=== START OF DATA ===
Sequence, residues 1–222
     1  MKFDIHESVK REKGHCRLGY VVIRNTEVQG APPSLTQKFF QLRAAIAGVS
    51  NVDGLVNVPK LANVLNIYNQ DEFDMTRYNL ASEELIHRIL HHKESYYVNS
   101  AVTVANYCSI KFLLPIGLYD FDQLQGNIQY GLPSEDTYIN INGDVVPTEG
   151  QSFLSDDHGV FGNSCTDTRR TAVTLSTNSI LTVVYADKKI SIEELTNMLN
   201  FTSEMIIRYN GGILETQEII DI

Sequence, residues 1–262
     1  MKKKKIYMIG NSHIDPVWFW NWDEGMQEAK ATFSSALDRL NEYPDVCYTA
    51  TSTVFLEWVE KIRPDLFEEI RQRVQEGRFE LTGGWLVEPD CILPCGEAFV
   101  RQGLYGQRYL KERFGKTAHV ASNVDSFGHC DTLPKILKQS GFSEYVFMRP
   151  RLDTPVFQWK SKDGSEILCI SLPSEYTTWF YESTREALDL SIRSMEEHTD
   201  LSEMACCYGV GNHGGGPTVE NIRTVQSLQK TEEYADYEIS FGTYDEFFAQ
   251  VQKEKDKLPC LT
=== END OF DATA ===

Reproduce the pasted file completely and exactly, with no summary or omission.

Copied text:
Sequence, residues 1–222
     1  MKFDIHESVK REKGHCRLGY VVIRNTEVQG APPSLTQKFF QLRAAIAGVS
    51  NVDGLVNVPK LANVLNIYNQ DEFDMTRYNL ASEELIHRIL HHKESYYVNS
   101  AVTVANYCSI KFLLPIGLYD FDQLQGNIQY GLPSEDTYIN INGDVVPTEG
   151  QSFLSDDHGV FGNSCTDTRR TAVTLSTNSI LTVVYADKKI SIEELTNMLN
   201  FTSEMIIRYN GGILETQEII DI

Sequence, residues 1–262
     1  MKKKKIYMIG NSHIDPVWFW NWDEGMQEAK ATFSSALDRL NEYPDVCYTA
    51  TSTVFLEWVE KIRPDLFEEI RQRVQEGRFE LTGGWLVEPD CILPCGEAFV
   101  RQGLYGQRYL KERFGKTAHV ASNVDSFGHC DTLPKILKQS GFSEYVFMRP
   151  RLDTPVFQWK SKDGSEILCI SLPSEYTTWF YESTREALDL SIRSMEEHTD
   201  LSEMACCYGV GNHGGGPTVE NIRTVQSLQK TEEYADYEIS FGTYDEFFAQ
   251  VQKEKDKLPC LT